Toeing a Thin Line
When does one draw the line between foreign direct investment (FDI) in agribusiness and large-scale land acquisitions? The case of Australia is particularly perplexing to me: this is a highly developed country with a healthy economy, an educated population, a theoretically functioning justice system and strong civil society. And yet, Australia’s lands have become privy to so much foreign investment that the government last year felt compelled to launch a national investigation on large agribusiness investments…because they no longer knew how much of their land was still in the hands of Australians.
As John Cobb, the Australian Shadow Minister for Agriculture and Food Security, said in April 2011:
“While foreign investment has been vital for the development of agriculture in Australia, in the last three years we have seen a ten fold increase. There has been a marked change in the activity by foreign companies from investment in agriculture to ownership and control of supply lines.”
It is precisely this control of supply lines that will make the difference between FDI, which has helped to boost agriculture and R&D worldwide when the public funding just hasn’t been there, and land acquisitions that directly threaten food security and food sovereignty.
Frankly, after having run a model analyzing food supply to 2050, I am surprised that Australia is taking such leisure to sell off its most productive lands. It has already faced serious droughts in recent years, with the wheat crop—its largest agricultural export—suffering heavily due to rising temperatures (wheat’s optimal growth occurs below 26 Celsius.) This trend of decreased yields will continue to accelerate, and a greater shift toward barley, sugar, and fruits (its other main agricultural exports) will only get Australia so far if the aquifers become even more depleted due to increased reliance on large-scale irrigation and are not recharged at sustainable rates due to decreased rainfall.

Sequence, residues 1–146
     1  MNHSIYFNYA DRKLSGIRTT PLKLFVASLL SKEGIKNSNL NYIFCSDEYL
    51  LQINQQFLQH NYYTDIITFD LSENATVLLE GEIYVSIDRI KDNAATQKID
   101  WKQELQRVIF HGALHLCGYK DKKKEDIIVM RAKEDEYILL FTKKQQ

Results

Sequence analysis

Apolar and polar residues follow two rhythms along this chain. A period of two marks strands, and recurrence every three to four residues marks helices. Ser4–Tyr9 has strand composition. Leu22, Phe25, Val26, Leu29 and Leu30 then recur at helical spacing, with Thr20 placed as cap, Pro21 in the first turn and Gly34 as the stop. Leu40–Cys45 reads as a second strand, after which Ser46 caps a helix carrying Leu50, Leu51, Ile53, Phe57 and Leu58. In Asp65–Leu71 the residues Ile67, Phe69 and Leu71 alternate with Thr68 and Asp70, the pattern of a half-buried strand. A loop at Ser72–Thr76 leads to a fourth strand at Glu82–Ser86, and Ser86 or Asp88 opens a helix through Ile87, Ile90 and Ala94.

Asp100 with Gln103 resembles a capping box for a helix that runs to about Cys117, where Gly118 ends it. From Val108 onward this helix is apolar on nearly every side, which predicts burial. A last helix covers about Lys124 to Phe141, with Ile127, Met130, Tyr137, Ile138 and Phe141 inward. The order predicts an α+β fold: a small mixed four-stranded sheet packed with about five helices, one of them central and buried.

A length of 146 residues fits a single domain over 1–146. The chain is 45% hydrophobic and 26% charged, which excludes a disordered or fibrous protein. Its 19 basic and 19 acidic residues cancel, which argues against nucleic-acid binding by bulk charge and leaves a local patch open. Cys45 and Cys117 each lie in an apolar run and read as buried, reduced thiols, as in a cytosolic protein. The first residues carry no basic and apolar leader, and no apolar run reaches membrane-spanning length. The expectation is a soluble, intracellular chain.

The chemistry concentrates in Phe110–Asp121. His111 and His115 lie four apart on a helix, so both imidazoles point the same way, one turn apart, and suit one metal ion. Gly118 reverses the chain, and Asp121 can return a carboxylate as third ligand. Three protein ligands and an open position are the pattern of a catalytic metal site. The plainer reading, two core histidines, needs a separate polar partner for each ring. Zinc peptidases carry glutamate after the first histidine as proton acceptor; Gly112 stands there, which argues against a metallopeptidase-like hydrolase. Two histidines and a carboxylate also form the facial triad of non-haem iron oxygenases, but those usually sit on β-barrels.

Unfortunately, instead of incentivizing Australian politicians to limit foreign agricultural land purchases, this pressure from decreasing yields has begun to make Australians, like Prof. Robin Batterham, consider pushing this fate onto others:
”Other countries are investing in Australia … so that the produce of the land can go to their countries… As an investment, why aren’t some of our larger farms – that is the companies that own them – also investing in places where the soil is a bloody sight better than Australia’s?”
Hence why a headline like “Western Australia to release 15,200 hectares of new farm land” makes me so upset. Since when is this land “new,” undeveloped, unowned? Aside from the obvious lack of concern for any ecosystems that may have once existed on this “new” land, there is likewise a blatant disregard for farmers that were already on this land, the native peoples that have been on the land for centuries, and the children who would have inherited the land tomorrow. When does the cost of economic growth finally become high enough to make politicians question their decision-making?